New Cannabis Testing And Packaging Rules Now In Effect – How Does This Impact The California Market?

The Medicinal and Adult-Use Cannabis Regulation and Safety Act (MAUCRSA) creates the general framework for the regulation of commercial medicinal and adult-use cannabis in California which involves 15 different State agencies in California.  The primary agency is the Bureau Of Cannabis Control (“BCC”).

The BCC established strict requirements for the testing and packaging of cannabis goods but allowed a transition period until July 1, 2018 before the new requirements would come into effect.  Beginning July 1, 2018, cannabis goods must meet all statutory and regulatory requirements. Cannabis goods that do not meet all statutory and regulatory requirements must be destroyed in accordance with the rules pertaining to destruction. Here is the summary of the key provisions of the BCC Regulations that cover the packaging, labeling and testing requirements.

Laboratory Testing Requirements:

A licensee may only sell cannabis goods that have been tested and passed all testing requirements in effect at the time of testing.

  • Untested cannabis goods cannot be sold by a retailer and must be destroyed. A retailer may not send cannabis goods to a distributor for testing.
  • Untested cannabis goods manufactured or harvested before January 1, 2018, in possession of a distributor that are owned by the distributor must be destroyed.
  • Untested cannabis goods manufactured or harvested before January 1, 2018, in the possession of a distributor owned by a manufacturer or cultivator may be returned to the licensee who owns the cannabis goods. If a cultivator or manufacturer chooses to sell the returned cannabis goods, the cannabis goods must be sent to a distributor for testing and must meet all of the testing requirements in effect at the time of testing before transported to a retailer for sale.

Packaging And Labeling Requirements:

All packaging and labeling must be performed prior to cannabis goods being transported to a retailer.

  • A retailer shall not accept cannabis goods that are not properly packaged and labeled. A retailer shall not package or label cannabis goods, even if the cannabis goods were in inventory before July 1, 2018. However, for medicinal sales, retailers will place a sticker on cannabis goods stating, “FOR MEDICAL USE ONLY” upon sale to a qualified medicinal consumer, unless the statement is already printed on the package.
  • A retailer may not send unpackaged cannabis goods to another licensee for packaging or labeling. Cannabis goods in possession of a retailer that do not meet packaging and labeling requirements must be destroyed.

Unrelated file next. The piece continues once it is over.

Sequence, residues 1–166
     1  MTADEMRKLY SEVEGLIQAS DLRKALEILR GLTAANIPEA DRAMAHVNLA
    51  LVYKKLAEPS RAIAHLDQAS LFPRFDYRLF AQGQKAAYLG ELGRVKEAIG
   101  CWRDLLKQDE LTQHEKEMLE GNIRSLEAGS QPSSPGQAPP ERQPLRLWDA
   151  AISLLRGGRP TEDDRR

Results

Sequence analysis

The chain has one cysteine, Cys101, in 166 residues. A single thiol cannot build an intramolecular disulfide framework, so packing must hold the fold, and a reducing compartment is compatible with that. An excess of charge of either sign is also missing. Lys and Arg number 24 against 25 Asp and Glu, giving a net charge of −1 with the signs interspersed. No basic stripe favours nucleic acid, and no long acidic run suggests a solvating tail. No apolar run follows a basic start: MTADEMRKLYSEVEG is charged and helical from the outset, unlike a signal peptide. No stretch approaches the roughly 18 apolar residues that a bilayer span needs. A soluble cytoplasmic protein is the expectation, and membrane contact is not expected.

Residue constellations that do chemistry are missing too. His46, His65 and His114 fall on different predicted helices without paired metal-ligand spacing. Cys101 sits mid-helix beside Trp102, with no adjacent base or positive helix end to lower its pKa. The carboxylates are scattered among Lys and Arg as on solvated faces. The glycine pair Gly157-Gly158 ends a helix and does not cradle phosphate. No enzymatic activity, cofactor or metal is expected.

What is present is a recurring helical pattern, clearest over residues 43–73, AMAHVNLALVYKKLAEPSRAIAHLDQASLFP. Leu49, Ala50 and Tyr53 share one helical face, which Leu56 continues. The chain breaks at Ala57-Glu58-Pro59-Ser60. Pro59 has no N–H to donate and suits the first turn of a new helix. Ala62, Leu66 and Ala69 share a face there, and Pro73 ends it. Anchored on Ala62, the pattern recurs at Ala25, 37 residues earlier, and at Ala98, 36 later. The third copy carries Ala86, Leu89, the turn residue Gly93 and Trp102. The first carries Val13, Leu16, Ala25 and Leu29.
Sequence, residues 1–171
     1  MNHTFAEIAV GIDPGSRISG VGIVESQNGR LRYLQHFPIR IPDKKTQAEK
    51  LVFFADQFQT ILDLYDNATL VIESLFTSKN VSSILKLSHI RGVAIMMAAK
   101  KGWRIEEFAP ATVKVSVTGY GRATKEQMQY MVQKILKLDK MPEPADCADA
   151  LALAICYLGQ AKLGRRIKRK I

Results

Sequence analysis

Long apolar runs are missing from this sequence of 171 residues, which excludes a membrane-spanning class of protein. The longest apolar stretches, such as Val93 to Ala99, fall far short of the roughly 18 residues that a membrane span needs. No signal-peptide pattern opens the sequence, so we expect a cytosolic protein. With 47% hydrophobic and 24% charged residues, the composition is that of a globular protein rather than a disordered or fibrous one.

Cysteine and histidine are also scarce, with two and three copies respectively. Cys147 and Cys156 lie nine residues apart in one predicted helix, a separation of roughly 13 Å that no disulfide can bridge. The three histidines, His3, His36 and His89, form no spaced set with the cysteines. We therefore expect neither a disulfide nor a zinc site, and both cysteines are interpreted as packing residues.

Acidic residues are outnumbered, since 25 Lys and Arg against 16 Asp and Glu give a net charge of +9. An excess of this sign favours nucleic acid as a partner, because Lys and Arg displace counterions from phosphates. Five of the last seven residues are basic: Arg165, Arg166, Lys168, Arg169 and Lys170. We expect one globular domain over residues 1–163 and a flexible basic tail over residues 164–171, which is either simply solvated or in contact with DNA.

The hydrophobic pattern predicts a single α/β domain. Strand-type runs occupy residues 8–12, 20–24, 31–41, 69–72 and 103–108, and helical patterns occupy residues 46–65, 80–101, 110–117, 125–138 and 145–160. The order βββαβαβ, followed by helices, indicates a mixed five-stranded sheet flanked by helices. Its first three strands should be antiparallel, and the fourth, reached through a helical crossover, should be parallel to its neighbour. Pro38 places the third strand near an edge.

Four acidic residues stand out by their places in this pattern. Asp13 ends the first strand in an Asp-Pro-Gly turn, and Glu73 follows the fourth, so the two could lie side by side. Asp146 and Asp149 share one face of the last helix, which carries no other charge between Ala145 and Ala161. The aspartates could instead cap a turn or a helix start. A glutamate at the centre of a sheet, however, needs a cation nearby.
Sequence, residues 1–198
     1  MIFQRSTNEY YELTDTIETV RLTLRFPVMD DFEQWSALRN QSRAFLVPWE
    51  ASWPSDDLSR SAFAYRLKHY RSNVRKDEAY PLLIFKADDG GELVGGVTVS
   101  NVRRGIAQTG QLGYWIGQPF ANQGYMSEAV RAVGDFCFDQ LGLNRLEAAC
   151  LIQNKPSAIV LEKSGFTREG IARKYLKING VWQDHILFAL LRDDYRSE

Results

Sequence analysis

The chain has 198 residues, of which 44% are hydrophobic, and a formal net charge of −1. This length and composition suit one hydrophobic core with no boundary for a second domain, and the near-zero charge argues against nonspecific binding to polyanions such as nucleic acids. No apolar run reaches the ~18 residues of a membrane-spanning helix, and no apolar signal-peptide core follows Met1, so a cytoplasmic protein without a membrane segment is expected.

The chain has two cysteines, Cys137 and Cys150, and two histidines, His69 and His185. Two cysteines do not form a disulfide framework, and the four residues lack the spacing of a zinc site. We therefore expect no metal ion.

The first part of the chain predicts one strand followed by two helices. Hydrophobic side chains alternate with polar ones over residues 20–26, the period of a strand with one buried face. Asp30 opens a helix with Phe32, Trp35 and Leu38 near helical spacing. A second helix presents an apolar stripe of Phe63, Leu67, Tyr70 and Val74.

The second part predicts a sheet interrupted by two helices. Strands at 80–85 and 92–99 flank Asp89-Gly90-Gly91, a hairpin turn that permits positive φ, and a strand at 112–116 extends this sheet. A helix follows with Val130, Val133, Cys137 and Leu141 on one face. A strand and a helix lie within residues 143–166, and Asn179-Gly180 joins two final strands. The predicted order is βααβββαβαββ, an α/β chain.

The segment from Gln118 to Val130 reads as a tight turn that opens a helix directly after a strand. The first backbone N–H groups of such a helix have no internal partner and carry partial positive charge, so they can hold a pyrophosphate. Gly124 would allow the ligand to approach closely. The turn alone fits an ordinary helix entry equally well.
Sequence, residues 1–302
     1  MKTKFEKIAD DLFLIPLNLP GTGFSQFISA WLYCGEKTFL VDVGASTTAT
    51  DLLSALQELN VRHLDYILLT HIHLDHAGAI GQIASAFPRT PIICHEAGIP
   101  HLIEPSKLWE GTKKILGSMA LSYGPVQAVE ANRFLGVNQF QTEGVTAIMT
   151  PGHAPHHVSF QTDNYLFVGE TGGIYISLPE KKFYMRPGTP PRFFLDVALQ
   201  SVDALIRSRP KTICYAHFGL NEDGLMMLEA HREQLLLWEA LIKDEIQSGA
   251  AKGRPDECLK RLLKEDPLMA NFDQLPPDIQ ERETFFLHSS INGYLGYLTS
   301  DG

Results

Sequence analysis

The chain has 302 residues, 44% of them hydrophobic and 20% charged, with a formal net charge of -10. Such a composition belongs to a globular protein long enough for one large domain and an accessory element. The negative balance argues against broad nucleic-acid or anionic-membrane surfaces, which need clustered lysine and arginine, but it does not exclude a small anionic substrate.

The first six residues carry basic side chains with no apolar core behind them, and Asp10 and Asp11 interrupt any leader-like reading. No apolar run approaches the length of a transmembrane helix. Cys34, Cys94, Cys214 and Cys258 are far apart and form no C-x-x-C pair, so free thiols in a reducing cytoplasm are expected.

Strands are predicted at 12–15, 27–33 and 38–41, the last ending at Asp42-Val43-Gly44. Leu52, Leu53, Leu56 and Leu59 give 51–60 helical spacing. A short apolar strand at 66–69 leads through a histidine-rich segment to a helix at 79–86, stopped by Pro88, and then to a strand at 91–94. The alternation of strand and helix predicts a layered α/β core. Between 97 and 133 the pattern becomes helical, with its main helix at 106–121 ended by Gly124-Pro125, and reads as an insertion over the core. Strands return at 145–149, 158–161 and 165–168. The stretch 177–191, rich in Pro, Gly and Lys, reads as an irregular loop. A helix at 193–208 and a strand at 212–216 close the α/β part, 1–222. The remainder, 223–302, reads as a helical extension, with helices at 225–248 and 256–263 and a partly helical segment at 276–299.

• Exit packaging is not required to be child-resistant and can no longer be used to satisfy the child-resistant packaging requirements. All cannabis goods must be in child-resistant packaging prior to delivery to a retailer.

THC Limits For Edible Cannabis Products:

Edible cannabis goods may not exceed 10 milligrams of THC per serving and may not exceed 100 milligrams of THC per package.

THC Limits For Non-Edible Cannabis Products:

Non-edible cannabis goods must meet package THC restrictions.

  • Non-edible cannabis goods shall not contain more than 1,000 milligrams of THC per package if intended for sale only in the adult-use market.
  • Non-edible cannabis goods shall not contain more than 2,000 milligrams of THC per package if intended for sale only in the medicinal market.

Ingredients And Appearance Of Cannabis Products:

A retailer may only sell cannabis goods that meet the requirements set by the California Department of Public Health for ingredients or appearance.

Destruction Of Defective Cannabis

Now that June 30th has passed, any cannabis inventory remaining that does not meet the new regulations is defective and must be disposed either by returning the cannabis goods to the selling licensee only in exchange for a non-defective version of the same type of cannabis goo or in exchange for a cannabis good of equal value. BCC Regulations Section 5053.

Alternatively, a licensee could deem that the defective cannabis constitutes “waste” and dispose of the cannabis waste in a secured waste receptacle or secured area.  BCC Regulations Section 5055(c).

Short-term challenges

As now the supply of sellable cannabis has decreased because not as much inventory may meet the State’s new rules and there would be an additional cost for the testing, labeling and packaging under the new rules, prices of cannabis will likely increase.  This may in turn fuel the illegal market for cannabis.  You can be sure that the State will having a greater interest and play a bigger enforcing role to make sure that defective or non-compliant cannabis goods do not make it to the marketplace.

What Should You Do?

It’s not enough that any cannabis entrepreneurs must deal with the fact that cannabis is the Federal Controlled Substances Act (“CSA”) 21 U.S.C. § 812 classifies marijuana as a Schedule 1 substance with a high potential for abuse, no currently accepted medical use in treatment, and lack of accepted safety for use under medical supervision.  You need to also protect yourself and comply with State laws and regulations.  Be proactive and engage an experienced attorney-CPA in your area.  Let the tax attorneys of the Law Offices Of Jeffrey B. Kahn, P.C. located in Orange County, Inland Empire (Ontario and Palm Springs) and other California locations protect you and maximize your net profits.